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viduals, with whom I have daily or occasionally associated. Hence the difference in the character of our minds, which originally, I believe, were constituted very much alike.'

The entrance of company now put an end to the conversation. But it was a subject of deep meditation, and humble petition, that they might be guided by the spirit of wisdom and divine love, in all their endeavours to influence the mind of their beloved son.

Beside the causes which Mrs. Henderson had enumerated to account for their son's deistical opinions, there were others in operation, of which both his parents were ignorant. Or rather, the same causes were operating under different circumstances, for it was still the doctrines called orthodox, which were increasing and confirming George's erroneous opinions. Edward Burrel, a fellow apprentice, and an intimate friend of George Henderson's, had a share in the unhappy influence exerted over his mind. This young man had imbibed some doubts on religious subjects, from various sources; but his notions were crude, and his knowledge of the particulars in dispute trifling, until a young lady, a cousin of his, for whom he had entertained a youthful passion, became deeply affected by a Calvinistic awakening, produced by the labours of an itinerant preacher in a place where she had been visiting. After her conversion, as she termed the state of mind she was in, whenever Edward Burrel visited her, she introduced the subject of religion, and tried to create in his mind feelings similar to those she had experienced from the new kind of preaching she had heard. It happened, unfortunately, either that her cousin required clearer and stronger arguments to convince him, than had been effectual with her; or that those she ing the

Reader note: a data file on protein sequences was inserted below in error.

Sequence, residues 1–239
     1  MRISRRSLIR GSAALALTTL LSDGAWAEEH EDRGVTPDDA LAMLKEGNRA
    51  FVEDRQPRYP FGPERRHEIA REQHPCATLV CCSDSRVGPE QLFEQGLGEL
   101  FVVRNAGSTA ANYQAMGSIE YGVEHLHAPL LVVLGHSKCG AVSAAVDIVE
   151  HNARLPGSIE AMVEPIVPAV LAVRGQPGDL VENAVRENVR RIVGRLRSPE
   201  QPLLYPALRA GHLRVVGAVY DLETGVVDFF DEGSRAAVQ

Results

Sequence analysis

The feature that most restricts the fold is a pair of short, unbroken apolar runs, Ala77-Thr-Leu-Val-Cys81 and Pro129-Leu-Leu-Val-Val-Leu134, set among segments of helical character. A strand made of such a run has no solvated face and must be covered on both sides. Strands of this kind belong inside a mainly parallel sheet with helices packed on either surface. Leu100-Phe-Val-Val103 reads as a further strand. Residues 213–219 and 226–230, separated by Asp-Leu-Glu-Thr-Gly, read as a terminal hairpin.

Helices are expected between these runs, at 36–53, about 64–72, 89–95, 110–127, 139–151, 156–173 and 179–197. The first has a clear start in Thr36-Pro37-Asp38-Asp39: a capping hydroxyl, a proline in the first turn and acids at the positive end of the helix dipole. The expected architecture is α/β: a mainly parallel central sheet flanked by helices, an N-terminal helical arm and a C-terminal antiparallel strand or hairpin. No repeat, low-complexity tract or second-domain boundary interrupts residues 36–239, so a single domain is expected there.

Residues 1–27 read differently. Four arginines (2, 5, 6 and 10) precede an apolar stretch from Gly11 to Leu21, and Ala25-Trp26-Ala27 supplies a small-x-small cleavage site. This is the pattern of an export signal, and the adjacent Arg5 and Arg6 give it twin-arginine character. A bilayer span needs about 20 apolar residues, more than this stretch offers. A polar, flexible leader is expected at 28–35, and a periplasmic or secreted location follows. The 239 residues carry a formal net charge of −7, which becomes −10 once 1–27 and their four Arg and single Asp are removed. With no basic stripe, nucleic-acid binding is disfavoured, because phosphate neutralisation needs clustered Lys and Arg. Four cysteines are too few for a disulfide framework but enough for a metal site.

adduced, if they originally possessed power, were deprived of it in the process of passing through her mind. Edward Burrel constantly showed himself the better disputant. Yet, though never vanquished, he failed on his part of convincing his fair cousin of her antiquated and superstitious errors, as he called her opinions. This be

case, he resolved to arm himself more thoroughly for the combat; and with that view, read all the deistical and infidel works he could obtain. Thus strengthened in his belief, that no divine revelation had been made to mankind, and confirmed in the opinion, that all things owe their origin to chance, and that annihilation ensues on the dissolution of the body; he renuwed the controversy, and had greatly the advantage over his loquacious antagonist.

It sometimes happened when visiting his cousin, that he met a clergyman, who, having learned the change in the lady's sentiments, and seen her at his church, valued such an acquisition too highly to risk losing it by neglect. He therefore called upon her, as frequently as he could ascertain that her father was absent; for he was aware that his visits would not be approved by him, and that the rules of etiquette did not justify his visiting, uninvited, at his house. Whenever he had opportunity, he did not fail to use it, to confirm her faith in the views which she had embraced, and to give her more and deeper prejudices against those who differed from her in opinion. He reminded her that Jesus Christ had declared that he came to “set a inan at variance with his own family, and the daughter against her mother,” and that “a man's foes should be those of his own household;” and this he assured her would always